Kilchoman 100% Islay 11th Edition on Taste; Whisky Islands; John Campbell Departs Laphroaig; New Springbank Bar

As promised last time, a note on the latest Kilchoman which arrived after the last column was completed. Just as a reminder the whiskies in here were distilled from the 2007, 2009, 2010 and 2011 barley harvests before being matured for a minimum of 9 years in 26 bourbon barrels and 7 oloroso sherry butts. 12,000 bottles in total for global distribution and it was available mid-September. 50% abv with no added colour and not chill-filtered.

Appearance: Bright old gold; tawny highlights. Initial tears swift then slower and stickier; narrow and not too widely spread.

Nose: From bottle – tar, char. Iodine, smoke, disinfectant. In glass, sweet barley cereal, burnt caramel, smoke and wood char. Baked honey and very ripe stone fruit. Some oak wood and vanilla. With water, initially masks the fruit and honey notes which re-emerge. More of the smoke and char. Warm wax and soft vanilla. A hint of dark chocolate.

Palate: Smoky with a touch of tar; also sweet, richly roasted barley notes. Coffee grounds bitterness.

Finish: Long, dry and smoky. Licorice and „caught in the throat“ tar. Also a bit of grassiness.

As I started writing this piece, I was sitting in Campbeltown‘s Royal Hotel before hoping to cross to Islay next morning. The week began on Arran where the Lochranza Distillery was closed and Lagg would have been closed by the time we got there. Been to Lochranza several times and it‘s well worth a visit but had hoped to have a first look at Lagg since it opened as I rarely get to Arran. Both distilleries are still closed on a couple of days each week.

In Campbeltown, a quick hello at Springbank let me discover their new Washback Bar (pic from The Campbeltown Courier). It opened only very recently and they haven‘t publicised it much – just asked visitors and local invitees to feature it in their social media postings. It‘s a lovely space and doesn‘t just offer whisky flights for tasting but also offers food as well as soft and hot drinks. I did wonder if the food aromas might get in the way of some whisky nosing but it depends on how seriously you take your nosing activity. The menu does seem to have thought of that with no particularly pungent hot dishes. No time to visit Glen Scotia or Glengyle. This was a one night stop with a departure right after breakfast to get the Islay ferry. Next time, I hope. This was a treat as I don‘t normally get to Campbeltown. In this neck of the woods I‘m always zooming to Kennacraig near Tarbert for the Islay ferry or rushing to get home on my return.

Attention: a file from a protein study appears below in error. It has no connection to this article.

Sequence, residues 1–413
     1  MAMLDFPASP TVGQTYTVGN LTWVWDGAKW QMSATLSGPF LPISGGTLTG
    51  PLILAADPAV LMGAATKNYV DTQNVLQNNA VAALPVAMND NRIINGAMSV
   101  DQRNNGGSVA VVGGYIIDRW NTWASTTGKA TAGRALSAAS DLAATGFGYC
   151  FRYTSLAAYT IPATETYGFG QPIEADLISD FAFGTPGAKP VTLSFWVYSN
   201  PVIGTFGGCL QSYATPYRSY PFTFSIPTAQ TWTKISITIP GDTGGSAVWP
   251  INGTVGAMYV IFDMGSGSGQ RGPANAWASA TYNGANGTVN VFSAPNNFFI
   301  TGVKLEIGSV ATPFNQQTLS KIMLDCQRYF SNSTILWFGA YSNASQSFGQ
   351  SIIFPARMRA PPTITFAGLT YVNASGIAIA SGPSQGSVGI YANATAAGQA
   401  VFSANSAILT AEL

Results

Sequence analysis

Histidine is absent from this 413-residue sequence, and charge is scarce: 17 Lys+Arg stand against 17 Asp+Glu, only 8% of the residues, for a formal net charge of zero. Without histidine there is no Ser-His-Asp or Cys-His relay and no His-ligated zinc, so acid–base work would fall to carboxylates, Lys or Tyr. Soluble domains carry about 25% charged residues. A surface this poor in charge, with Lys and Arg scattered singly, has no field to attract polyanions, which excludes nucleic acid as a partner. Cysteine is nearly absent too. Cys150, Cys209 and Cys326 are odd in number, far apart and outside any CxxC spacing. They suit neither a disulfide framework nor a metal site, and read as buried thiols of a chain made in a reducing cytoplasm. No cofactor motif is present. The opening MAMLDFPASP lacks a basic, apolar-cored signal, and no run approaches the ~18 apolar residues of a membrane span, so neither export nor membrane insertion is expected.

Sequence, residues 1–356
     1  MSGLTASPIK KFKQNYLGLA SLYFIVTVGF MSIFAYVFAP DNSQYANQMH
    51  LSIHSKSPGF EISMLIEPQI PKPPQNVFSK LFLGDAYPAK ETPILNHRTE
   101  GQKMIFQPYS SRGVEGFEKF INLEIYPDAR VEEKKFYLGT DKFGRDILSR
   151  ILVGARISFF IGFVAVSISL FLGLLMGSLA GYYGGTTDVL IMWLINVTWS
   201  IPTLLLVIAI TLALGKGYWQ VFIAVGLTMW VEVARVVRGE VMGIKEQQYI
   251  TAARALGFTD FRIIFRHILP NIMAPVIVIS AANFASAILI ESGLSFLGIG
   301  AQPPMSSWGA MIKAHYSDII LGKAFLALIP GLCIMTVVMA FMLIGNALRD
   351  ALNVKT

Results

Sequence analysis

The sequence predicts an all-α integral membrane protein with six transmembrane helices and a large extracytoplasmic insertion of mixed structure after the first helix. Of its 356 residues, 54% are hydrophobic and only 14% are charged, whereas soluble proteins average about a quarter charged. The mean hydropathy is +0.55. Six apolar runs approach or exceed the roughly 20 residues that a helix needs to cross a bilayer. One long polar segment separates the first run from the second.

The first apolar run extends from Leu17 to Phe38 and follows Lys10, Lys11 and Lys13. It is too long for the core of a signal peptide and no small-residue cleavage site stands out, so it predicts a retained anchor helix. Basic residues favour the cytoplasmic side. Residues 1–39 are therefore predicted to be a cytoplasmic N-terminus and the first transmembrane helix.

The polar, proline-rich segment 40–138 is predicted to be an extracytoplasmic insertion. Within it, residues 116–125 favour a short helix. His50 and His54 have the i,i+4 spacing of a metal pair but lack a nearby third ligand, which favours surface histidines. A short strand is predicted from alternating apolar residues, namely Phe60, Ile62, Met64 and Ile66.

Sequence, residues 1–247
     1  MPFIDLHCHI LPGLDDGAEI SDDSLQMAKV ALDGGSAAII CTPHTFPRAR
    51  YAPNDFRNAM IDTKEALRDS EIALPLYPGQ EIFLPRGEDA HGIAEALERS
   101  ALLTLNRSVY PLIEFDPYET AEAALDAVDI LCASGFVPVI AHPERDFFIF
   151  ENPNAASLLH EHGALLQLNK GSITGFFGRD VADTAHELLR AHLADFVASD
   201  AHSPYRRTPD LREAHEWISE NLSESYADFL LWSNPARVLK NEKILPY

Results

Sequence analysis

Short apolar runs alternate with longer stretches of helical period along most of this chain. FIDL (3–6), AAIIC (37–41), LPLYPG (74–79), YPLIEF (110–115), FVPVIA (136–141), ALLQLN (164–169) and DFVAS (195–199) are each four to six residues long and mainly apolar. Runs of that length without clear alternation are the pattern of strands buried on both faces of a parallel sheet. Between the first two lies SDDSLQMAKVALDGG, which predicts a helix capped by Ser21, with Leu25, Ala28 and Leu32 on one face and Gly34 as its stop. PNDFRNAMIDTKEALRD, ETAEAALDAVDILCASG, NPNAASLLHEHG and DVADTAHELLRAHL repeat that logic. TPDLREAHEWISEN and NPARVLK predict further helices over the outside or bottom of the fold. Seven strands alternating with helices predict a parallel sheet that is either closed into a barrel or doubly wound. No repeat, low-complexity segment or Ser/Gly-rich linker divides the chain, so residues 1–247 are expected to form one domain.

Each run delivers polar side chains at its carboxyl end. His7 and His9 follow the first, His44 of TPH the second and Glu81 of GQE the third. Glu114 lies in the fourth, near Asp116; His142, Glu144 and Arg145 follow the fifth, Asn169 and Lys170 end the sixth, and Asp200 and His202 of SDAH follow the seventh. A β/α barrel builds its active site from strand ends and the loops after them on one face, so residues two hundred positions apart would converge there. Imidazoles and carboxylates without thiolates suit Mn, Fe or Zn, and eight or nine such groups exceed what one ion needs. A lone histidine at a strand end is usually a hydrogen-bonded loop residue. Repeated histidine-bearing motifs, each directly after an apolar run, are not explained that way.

While sitting on the ferry to Islay I received an e-mail from Laphroaig manager, John Campbell, telling all Friends of Laphroaig that he is leaving the distillery after 16 years as manager and more years working there before that. He‘s achieved so much there with all the staff and will be a major loss so I hope they‘ll choose a worthy successor. I did call in while on Islay but John had gone in the opposite direction – to Glasgow for meetings. He is returning to the mainland permanently to be able to see his family more as that‘s not been so easy this last 18 months and his new job is with an independent distiller. More news awaited. I can make a few guesses as to who that might be but it‘s not usual to say where you‘re going till you‘ve left the current place. He finishes up at Laphroiag in November.

On Islay a quick drive-by look at Islay‘s only rum distillery. No one home but I‘m told by HQ that stills are in, electricity supply awaited. At other distilleries they are open for shops and tasting facilities. Everyone should see Islay in this weather – dry and sunny but cool (14/15C) and quite windy. It can be similar, but colder, in February. Islay doesn‘t have to be a spring and summer destination but in late autumn and winter you are more at the whim of the weather as to transport over – and back. There can’t be many better places for a whisky fan to get stuck…

Mull – Inside Tobermory at last, I hope! I get to Mull even more rarely than Arran so this is a treat too. Before I left to start this trip, I‘d arranged an interview with new distillery manager Cara Gilbert and, if all goes as planned, that will feature in October.

Also, for October there‘s certainly one, maybe two, new expressions from Douglas Laing & Co. to look forward to.

Meantime, as ever, happy dramming and I‘ll be back soon.



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